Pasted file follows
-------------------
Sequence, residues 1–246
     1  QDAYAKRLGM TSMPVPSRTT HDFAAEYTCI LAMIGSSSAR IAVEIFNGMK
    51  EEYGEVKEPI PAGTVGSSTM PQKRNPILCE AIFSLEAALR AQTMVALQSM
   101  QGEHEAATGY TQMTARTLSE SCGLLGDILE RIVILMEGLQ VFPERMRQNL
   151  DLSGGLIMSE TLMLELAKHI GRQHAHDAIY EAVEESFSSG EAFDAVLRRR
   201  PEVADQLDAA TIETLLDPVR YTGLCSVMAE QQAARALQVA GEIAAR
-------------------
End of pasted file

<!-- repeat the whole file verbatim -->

Sequence, residues 1–246
     1  QDAYAKRLGM TSMPVPSRTT HDFAAEYTCI LAMIGSSSAR IAVEIFNGMK
    51  EEYGEVKEPI PAGTVGSSTM PQKRNPILCE AIFSLEAALR AQTMVALQSM
   101  QGEHEAATGY TQMTARTLSE SCGLLGDILE RIVILMEGLQ VFPERMRQNL
   151  DLSGGLIMSE TLMLELAKHI GRQHAHDAIY EAVEESFSSG EAFDAVLRRR
   201  PEVADQLDAA TIETLLDPVR YTGLCSVMAE QQAARALQVA GEIAAR